So it is not about the number of choices, it is about intersting choices, and trade-offs.

     The classic choice problem that is often illustrated was the auto industry.  Back in the day they would have more colors to offer than we do today.  The deal would almost get closed but the spouses would get hung up on color selection and leave to take time to figure it out.  Leading to a Lost sale.  So they narrowed the choices down. 

  • VengeSunsoarVengeSunsoar Posts: 5,316Member Uncommon
    Originally posted by waynejr2
    Originally posted by VengeSunsoar

    A sandbox should offer a lot of choice, however IMO most offer significantly less choice than themepark.

    In most sandbox the choices are what to level/train and what to craft/kill.  There may be a lot of crafting but there is very little variety between crafting so the gameplay ends up being the same.  Same with adventuring, lots of things to train, but very little variety between them so you really end up doing the same thing over and over and over again with several different skills.

    To me that is not really meaningfull choice. 

    However yes.  In the beginning the lack of direction, not knowing anything about the game, not knowing how well various skills/classes perform can be a bit daunting especially if there is no way to redo/relearn/re-distribute points.

     

     Shouldn't a system with free choices allow for the player to choose a gimped build? 

    What about infomation about the game mechanics?  Could that be part of the players exploration of the game or do players need a complete manual spelling it all out...

     Of course, sometimes I choose a gimped build on purpose.  I still want a way to correct unintentioned mistakes without having to delete the character and redo everything I just did.  Repeating content just to get to the same place you were at before with a couple minor changes is usually not very fun.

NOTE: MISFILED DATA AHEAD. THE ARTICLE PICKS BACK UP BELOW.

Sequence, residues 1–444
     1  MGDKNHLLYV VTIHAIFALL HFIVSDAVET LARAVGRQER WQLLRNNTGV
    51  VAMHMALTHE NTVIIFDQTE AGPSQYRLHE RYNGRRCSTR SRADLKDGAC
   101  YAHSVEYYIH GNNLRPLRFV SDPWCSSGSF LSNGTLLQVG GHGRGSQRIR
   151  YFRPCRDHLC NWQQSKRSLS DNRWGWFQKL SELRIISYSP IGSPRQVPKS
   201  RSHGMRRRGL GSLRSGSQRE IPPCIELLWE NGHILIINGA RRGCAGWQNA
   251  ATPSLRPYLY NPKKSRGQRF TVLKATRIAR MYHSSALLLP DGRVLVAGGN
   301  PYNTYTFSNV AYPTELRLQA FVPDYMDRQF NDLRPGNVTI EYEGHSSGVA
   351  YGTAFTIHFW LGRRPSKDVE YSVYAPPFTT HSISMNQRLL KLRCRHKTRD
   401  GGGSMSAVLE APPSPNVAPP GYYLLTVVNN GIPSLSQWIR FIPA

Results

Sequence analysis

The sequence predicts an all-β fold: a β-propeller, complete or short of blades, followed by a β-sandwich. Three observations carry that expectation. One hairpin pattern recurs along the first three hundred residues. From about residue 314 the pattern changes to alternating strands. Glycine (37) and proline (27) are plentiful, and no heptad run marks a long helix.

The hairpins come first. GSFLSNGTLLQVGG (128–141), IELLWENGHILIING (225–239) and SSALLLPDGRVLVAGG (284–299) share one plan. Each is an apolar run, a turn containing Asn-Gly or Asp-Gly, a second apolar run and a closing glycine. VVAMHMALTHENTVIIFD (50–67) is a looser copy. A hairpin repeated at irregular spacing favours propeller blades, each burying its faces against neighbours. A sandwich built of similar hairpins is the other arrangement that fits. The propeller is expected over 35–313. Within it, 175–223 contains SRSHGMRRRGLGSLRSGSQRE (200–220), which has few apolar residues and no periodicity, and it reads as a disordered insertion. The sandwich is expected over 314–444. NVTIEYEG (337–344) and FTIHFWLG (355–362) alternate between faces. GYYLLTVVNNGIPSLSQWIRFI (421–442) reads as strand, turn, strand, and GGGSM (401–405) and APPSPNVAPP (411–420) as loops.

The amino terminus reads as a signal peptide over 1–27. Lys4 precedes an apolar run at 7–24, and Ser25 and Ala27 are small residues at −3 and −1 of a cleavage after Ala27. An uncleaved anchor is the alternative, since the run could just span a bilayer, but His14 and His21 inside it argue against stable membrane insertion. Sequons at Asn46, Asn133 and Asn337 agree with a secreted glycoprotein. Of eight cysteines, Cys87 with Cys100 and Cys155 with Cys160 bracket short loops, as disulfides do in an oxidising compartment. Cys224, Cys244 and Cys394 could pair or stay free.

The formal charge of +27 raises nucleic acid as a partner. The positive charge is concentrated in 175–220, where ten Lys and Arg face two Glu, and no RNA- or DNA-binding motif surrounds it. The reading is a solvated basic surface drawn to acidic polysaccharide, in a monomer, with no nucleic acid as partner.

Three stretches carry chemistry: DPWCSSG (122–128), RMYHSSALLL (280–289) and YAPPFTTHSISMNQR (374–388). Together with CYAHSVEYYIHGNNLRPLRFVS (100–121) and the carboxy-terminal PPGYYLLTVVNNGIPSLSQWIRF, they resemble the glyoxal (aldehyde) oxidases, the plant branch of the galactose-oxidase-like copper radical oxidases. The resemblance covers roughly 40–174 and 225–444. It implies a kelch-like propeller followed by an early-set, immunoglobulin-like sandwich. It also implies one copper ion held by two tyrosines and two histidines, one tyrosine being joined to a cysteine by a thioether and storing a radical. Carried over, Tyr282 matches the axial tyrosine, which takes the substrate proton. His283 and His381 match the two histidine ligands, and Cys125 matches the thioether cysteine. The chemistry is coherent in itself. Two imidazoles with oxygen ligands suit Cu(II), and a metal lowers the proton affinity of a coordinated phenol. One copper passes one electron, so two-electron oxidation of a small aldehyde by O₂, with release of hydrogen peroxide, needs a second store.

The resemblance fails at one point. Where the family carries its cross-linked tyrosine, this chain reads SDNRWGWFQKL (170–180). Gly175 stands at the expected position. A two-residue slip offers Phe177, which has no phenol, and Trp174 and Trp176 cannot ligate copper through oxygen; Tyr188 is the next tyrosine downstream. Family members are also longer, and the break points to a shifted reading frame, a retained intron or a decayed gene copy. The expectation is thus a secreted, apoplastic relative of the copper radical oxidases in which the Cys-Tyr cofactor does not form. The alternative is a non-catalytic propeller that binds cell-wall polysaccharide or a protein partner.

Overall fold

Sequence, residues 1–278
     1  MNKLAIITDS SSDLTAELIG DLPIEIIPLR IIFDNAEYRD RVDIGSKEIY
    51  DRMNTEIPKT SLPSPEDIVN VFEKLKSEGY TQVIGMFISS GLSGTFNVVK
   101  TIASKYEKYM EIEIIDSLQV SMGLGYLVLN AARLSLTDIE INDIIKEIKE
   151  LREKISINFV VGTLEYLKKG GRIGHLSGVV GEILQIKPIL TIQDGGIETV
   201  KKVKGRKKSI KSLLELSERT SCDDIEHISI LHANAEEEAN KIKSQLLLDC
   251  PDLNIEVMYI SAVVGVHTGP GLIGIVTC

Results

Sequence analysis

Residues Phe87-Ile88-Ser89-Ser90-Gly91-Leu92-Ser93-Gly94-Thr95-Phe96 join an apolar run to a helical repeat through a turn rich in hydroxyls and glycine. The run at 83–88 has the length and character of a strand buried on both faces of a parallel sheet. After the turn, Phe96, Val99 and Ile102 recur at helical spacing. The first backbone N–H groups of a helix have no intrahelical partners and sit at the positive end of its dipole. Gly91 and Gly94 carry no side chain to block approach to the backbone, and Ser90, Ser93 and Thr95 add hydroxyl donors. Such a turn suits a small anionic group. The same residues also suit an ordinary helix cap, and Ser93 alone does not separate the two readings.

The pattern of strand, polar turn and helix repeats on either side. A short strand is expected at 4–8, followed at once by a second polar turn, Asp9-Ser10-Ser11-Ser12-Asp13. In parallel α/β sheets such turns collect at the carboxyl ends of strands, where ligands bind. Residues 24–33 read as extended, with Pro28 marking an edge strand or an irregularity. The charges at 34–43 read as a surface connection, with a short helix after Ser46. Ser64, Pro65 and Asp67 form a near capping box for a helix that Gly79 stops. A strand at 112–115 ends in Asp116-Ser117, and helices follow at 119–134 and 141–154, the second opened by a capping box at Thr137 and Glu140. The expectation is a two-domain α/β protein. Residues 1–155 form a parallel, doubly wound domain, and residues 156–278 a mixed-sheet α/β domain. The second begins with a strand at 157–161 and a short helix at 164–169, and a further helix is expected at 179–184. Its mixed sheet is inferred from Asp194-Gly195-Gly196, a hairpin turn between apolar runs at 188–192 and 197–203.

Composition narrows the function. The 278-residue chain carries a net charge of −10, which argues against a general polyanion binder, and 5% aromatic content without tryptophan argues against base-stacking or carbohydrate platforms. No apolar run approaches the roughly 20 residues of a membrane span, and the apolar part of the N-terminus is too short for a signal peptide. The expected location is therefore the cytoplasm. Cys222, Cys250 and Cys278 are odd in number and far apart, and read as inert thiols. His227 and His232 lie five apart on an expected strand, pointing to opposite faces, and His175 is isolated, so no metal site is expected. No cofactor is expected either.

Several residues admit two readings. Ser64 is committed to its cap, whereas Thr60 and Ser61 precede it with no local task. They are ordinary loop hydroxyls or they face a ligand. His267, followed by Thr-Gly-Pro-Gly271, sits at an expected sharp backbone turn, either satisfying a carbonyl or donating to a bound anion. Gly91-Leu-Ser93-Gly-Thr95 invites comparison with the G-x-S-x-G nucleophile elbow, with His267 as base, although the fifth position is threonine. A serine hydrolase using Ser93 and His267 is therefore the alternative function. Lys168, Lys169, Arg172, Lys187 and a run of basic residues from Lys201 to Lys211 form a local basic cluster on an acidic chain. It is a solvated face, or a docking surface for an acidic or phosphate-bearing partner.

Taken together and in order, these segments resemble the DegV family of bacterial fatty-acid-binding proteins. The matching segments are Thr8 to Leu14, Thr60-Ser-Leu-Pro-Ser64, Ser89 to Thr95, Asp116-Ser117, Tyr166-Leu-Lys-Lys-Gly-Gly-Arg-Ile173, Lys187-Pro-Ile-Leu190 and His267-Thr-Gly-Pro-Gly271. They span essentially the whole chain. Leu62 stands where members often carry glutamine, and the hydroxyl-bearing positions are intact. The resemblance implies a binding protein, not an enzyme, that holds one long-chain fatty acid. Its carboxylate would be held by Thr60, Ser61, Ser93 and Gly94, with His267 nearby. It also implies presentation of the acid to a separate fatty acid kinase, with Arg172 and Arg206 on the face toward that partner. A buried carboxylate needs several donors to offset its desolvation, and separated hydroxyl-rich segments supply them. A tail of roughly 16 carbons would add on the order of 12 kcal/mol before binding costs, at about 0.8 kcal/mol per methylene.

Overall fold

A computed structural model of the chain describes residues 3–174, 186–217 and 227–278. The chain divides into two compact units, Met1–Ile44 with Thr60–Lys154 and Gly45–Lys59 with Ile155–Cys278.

Exploration of game mechanics can and often is fun.  However usually there is such very little difference in gameplay between each aspect of fighting or each aspect of crafting that it becomes just a grind.

    Look at Ryzom.  While great variation in armor stats, only a few dozen types of armor.  While dozens of different crafting it is all the exact same thing.  Digging in the dirt the same way over and over and over and over again.  No variation in crafting mechanics at all. 

    That is not good exploration.  That is one gameplay activity copied dozens of times. 

    Quit worrying about other players in a game and just play.

  • bcbullybcbully Westland, MIPosts: 8,280Member Uncommon
    Originally posted by NetSage
    A good and true sandbox may.  I mean look at EVE it's complexity lies in the fact of how much people can do.  But, if you break it down into a specific professions it can be a lot more manageable.  I think people are to used to being able to do everything a game has to offer in one go.  Well sandbox makes that hard and makes you specialized your development which leads to people digging their own grave since they aren't great at anything now.

    good point.

  • GhavriggGhavrigg Halifax, NSPosts: 777Member Uncommon

    Not always. Personally, I've been overwhelmed by sandbox games' choices, but I've also been overwhelmed for other reasons in themeparks, like LotRO, mainly due to the excessive amounts of quests popping up in many small areas. I'd say I was actually more overwhelmed by the quests in LotRO when I played than I ever was in a sandbox, though. I'd rather have to learn mechanics than run a bunch of random quests that don't mean a whole lot overall.

     

  • AxehiltAxehilt San Francisco, CAPosts: 8,751Member Uncommon

    Nobody who played Glitch would claim the game "overwhelmed" them with choices.  "Empty" and "nothing to do" would be the words they would use.

    You can't create an empty world with nothing to do and expect players to like it just because you slap a "sandbox!" sticker on the box.

    So sandboxes underwhelm me with lack of choice.  I want a game filled with interesting possibilities, and they simply provide some terrain (or star systems) to move through very slowly and whatever tools they provide for me to manipulate that world are typically dull (if not outright tedious.)

    Which isn't to say sandbox is a bad idea.  Just that you have to approach it more like Terraria or ATITD or Puzzle Pirates, where the world is manipulatable and that's what makes it a sandbox, but the moment-to-moment gameplay is enjoyable: it's a game.

    There is no sandbox where choice overwhelms currently.  If you took Terraria and added 20 features which were all available from the beginning of the game, you would have a sandbox where choice is overwhelming.  But too much choice isn't the typical sandbox problem.  The typical sandbox problem is they're empty.  If there's barely any game, there's barely any choice.

    "Joe stated his case logically and passionately, but his perceived effeminate voice only drew big gales of stupid laughter..." -Idiocracy
    "There is only one good, knowledge, and one evil, ignorance." -Socrates